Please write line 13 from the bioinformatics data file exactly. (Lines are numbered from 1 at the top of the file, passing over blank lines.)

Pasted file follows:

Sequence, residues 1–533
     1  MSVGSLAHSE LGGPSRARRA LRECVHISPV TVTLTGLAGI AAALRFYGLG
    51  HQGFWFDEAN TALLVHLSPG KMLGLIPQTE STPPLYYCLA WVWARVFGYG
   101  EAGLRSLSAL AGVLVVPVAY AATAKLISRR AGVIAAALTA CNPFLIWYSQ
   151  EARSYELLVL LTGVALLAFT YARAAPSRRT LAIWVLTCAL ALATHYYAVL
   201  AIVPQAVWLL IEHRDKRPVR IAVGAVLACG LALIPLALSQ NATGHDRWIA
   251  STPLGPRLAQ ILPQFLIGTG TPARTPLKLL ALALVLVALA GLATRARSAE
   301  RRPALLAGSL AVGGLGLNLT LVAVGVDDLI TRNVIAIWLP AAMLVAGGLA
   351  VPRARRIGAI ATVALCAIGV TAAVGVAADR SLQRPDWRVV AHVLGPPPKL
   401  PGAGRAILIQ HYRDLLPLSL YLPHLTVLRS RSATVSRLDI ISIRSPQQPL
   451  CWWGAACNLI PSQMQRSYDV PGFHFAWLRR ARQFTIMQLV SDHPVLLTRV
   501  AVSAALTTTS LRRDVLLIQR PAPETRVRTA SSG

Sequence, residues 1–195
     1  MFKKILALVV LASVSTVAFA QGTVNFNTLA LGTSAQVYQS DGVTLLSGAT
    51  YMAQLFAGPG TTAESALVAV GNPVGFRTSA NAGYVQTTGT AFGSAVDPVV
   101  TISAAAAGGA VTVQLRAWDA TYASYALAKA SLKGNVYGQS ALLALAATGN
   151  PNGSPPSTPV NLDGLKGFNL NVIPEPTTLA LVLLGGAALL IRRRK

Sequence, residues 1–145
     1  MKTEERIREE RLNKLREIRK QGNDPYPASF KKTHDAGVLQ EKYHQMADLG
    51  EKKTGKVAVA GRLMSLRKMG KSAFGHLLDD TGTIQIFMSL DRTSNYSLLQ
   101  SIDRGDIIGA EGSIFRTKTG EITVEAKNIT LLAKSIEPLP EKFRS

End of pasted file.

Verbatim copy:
Sequence, residues 1–195